When you have interviews, it's best not to go overboard with the number of people you bring in. Choose the top five candidates from applications and schedule interviews with them. If you're having difficulty narrowing the pool, you can send a pre-interview questionnaire or set up 10-minute phone interviews with a deeper pool of applicants. The phone interview process will help you weed out people who aren't a good match. It also allows candidates to decide for themselves whether a job is worth pursuing.
A nursing staff that isn't invested in the workplace or that doesn't care about the residents will provide a lower quality of care than a staff of engaged and enthusiastic employees. One way to increase engagement among your team members is to empower them to manage their schedules. Giving your team the tools to request time off or update preferred workdays can help individual employees feel more invested in the workplace.
Employee engagement software also lets you connect with each team member when they clock in and out for the day. You can program the software to send each employee a message at the start and end of their shift, letting them know you appreciate their efforts and the work they are doing.
Another way to boost employee engagement is by making it easy for staff to get the information they need when they need it. Workforce management software puts your nursing team's information at their fingertips.
If they need time off, they can submit the request instantly with the software from their mobile phones. They don't have to pay a visit to HR, fill out physical forms, or track down their supervisor for a signature. They can also easily update their information as needed, such as if they move, change their name, or need to change their W-4 information.
It could be the case that some members of the nursing team are more likely to call out than others. Detecting certain behaviors early on, such as frequent call-outs or tardiness, gives you the opportunity to address them before they lead to a nurse leaving or getting let go. If you use a software program that tracks attendance or awards points for attendance, you can set up a meeting with team members who regularly miss shifts or come in late.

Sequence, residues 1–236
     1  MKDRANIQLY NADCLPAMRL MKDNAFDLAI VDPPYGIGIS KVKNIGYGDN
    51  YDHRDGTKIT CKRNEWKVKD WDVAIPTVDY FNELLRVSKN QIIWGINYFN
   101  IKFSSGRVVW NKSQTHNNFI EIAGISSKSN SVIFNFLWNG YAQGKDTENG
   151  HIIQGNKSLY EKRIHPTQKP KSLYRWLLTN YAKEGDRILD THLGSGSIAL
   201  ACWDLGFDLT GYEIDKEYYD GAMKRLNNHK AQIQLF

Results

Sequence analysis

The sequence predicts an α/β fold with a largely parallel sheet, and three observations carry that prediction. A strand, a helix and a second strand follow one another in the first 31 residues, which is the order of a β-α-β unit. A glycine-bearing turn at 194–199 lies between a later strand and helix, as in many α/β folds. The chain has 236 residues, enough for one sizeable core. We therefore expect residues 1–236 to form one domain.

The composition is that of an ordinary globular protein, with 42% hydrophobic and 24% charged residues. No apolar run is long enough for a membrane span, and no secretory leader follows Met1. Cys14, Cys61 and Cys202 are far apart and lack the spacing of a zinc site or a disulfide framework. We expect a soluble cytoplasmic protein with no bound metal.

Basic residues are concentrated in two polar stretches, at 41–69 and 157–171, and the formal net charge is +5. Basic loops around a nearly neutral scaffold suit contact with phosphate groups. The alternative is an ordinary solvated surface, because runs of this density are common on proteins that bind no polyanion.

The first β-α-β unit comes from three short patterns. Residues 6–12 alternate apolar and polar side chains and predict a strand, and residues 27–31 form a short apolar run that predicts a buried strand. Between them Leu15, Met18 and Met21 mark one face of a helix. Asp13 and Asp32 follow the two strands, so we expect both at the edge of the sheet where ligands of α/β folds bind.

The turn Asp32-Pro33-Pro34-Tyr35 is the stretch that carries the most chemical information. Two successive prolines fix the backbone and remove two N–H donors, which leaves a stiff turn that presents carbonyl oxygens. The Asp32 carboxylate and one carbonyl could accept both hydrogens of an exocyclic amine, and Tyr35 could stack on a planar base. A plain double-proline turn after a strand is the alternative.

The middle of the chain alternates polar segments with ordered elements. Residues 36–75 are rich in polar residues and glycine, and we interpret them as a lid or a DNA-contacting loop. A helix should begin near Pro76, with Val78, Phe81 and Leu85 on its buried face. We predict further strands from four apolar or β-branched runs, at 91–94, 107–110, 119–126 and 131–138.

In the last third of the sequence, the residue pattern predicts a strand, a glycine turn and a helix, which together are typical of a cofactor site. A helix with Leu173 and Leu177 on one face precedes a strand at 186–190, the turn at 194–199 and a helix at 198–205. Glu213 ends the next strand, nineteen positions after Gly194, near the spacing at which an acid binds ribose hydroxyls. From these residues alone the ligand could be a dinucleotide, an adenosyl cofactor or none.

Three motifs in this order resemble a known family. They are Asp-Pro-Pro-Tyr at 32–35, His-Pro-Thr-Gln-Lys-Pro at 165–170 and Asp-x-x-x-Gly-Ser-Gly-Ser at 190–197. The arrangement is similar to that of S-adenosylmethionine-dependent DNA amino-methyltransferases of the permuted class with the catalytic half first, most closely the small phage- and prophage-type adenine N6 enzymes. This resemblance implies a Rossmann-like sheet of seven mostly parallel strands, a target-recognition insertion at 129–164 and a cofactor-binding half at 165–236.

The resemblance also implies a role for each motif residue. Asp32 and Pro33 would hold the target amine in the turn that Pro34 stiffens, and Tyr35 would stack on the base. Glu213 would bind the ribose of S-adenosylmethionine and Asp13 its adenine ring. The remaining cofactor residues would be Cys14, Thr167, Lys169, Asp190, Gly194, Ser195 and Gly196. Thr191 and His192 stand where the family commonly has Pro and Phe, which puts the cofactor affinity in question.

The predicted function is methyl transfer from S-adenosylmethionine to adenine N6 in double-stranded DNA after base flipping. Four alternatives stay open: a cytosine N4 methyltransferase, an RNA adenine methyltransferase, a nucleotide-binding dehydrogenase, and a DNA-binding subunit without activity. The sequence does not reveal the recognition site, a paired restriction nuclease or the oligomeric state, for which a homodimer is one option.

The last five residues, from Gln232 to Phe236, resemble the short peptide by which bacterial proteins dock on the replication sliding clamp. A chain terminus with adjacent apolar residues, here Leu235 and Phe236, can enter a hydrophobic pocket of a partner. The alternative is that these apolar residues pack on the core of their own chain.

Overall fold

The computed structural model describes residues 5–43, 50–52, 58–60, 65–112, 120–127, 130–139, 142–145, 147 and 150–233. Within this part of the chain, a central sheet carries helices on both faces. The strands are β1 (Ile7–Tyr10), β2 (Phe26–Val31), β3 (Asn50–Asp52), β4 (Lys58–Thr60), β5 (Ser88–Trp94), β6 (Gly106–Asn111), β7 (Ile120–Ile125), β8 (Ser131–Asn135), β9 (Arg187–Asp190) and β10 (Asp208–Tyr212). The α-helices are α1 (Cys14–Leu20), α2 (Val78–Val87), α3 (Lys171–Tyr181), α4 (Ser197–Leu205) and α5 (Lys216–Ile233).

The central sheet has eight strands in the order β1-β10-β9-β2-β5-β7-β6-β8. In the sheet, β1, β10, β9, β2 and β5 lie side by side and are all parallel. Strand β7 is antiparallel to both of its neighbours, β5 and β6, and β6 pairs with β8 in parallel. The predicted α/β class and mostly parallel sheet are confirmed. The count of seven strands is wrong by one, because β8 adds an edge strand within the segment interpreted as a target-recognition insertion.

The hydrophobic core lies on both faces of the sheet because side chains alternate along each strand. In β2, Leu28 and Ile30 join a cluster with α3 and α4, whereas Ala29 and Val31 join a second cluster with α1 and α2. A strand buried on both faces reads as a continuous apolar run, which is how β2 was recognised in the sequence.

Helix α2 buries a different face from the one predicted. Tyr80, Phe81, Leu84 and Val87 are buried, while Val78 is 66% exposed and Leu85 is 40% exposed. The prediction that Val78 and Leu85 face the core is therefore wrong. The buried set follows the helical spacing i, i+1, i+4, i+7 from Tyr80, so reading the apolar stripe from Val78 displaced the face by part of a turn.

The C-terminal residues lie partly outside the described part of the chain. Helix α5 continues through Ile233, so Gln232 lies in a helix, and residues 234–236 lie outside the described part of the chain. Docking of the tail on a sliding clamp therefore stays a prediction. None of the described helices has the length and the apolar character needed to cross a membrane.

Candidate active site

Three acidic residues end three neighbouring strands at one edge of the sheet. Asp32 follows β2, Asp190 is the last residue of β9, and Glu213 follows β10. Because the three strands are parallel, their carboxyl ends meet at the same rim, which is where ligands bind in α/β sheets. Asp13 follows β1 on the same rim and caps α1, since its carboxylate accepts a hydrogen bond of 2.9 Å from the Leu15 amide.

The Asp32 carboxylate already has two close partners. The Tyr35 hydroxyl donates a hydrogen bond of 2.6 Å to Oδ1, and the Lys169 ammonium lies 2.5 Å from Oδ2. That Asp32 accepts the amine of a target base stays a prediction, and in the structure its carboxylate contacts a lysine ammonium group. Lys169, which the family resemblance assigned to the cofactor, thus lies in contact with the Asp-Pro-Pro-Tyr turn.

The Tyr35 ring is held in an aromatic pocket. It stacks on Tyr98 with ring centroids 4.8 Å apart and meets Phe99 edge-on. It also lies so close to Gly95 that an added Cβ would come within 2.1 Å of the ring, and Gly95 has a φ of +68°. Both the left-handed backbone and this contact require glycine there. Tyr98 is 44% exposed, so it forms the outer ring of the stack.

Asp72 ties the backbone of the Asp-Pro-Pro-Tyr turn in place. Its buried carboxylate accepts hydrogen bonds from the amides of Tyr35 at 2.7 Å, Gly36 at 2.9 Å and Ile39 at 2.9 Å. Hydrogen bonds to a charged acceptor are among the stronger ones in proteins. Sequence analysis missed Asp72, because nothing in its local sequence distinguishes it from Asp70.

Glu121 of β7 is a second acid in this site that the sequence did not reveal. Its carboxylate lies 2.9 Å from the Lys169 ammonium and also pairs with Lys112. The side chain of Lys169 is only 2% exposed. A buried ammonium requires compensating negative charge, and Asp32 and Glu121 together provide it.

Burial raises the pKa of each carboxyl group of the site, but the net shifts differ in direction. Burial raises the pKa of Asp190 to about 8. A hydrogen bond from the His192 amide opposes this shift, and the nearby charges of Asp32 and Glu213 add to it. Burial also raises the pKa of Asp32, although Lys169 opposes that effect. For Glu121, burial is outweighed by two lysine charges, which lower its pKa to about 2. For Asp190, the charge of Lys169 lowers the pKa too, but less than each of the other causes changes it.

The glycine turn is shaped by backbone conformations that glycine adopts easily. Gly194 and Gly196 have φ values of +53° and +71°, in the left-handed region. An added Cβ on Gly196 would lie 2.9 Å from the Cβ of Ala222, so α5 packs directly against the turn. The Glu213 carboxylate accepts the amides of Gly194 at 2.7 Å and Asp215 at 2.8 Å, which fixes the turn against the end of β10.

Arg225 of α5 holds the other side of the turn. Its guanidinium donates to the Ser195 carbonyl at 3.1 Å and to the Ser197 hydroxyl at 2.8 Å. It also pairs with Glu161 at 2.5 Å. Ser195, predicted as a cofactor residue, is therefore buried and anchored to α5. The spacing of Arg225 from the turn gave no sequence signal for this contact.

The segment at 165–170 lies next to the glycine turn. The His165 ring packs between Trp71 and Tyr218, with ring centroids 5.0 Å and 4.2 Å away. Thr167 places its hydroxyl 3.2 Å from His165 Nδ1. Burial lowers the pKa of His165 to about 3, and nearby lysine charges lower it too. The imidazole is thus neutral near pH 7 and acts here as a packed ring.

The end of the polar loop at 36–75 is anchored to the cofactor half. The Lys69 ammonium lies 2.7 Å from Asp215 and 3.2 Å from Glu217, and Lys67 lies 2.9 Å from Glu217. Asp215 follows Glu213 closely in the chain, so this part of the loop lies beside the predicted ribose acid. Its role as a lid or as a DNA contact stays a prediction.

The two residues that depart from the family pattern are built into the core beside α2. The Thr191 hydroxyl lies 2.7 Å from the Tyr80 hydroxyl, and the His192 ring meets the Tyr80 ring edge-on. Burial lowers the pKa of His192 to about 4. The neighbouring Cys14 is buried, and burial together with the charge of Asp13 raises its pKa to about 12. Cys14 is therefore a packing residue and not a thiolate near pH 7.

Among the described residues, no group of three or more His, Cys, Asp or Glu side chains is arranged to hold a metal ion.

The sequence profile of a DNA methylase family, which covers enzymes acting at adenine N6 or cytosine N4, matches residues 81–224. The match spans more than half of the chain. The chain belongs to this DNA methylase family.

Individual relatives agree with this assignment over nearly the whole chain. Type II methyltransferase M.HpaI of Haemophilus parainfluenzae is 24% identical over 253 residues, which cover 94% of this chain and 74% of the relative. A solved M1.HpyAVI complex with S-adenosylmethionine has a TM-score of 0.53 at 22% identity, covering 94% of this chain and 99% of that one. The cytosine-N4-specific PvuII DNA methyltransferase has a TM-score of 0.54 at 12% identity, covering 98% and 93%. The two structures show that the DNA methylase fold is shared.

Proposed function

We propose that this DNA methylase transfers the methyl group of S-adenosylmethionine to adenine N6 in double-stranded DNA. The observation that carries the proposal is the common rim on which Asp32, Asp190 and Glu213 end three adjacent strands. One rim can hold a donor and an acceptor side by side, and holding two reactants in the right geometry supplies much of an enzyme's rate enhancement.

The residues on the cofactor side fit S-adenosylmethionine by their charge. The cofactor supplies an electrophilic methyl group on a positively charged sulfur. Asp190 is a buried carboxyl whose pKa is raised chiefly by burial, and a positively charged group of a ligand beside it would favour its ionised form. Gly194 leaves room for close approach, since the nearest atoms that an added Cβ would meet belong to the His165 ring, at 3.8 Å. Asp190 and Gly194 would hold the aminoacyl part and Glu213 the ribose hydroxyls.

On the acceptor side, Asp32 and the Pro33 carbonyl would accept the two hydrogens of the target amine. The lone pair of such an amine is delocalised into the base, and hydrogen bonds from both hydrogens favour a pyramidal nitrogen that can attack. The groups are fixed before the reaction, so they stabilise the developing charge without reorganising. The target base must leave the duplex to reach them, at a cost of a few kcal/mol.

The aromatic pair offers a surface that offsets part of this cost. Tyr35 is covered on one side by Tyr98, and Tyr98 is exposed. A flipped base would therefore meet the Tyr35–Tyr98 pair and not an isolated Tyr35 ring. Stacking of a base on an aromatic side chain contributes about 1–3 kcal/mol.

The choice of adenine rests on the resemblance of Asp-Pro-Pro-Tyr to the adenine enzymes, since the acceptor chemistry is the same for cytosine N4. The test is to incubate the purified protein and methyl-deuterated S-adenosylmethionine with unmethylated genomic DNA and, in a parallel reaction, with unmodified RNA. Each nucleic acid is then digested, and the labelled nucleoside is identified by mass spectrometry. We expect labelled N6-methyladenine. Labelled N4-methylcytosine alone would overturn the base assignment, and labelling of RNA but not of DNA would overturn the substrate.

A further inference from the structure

It could also be that they need to change when they work or how much they work, or they could have a problem that they feel is unaddressed, which causes them to call out. Getting to the bottom of the issue lets you take the appropriate steps before it's too late.
Another way to keep people on the job longer is to give them the chance to learn and grow at work. In many cases, nurses need to complete continuing education (CE) programs to maintain their licenses. Offering those programs on the job or giving people paid time off to complete their CE credits can increase their loyalty to your facility. As a bonus, you gain an experienced and knowledgeable team for your facility.
Software can streamline the process of scheduling and managing employees at your assisted living facility while increasing their engagement and making them feel like part of a team. If you decide to use software, you need a product designed with the needs of a senior care facility in mind.
Scheduling software designed for use by any type of business won't necessarily have the built-in compliance features needed to help with Payroll-Based Journal (PBJ) reports or other regulatory requirements. SmartLinx software is built with the needs of senior care facilities in mind. It helps you streamline operations, increase staff engagement, and boost your retention rate.
If you're concerned about your turnover rates and how high turnover affects your facility's quality rating, adopting a workforce management solution can be the way to go. SmartLinx software helps you manage your team before and after hiring. Schedule a demo today to learn more.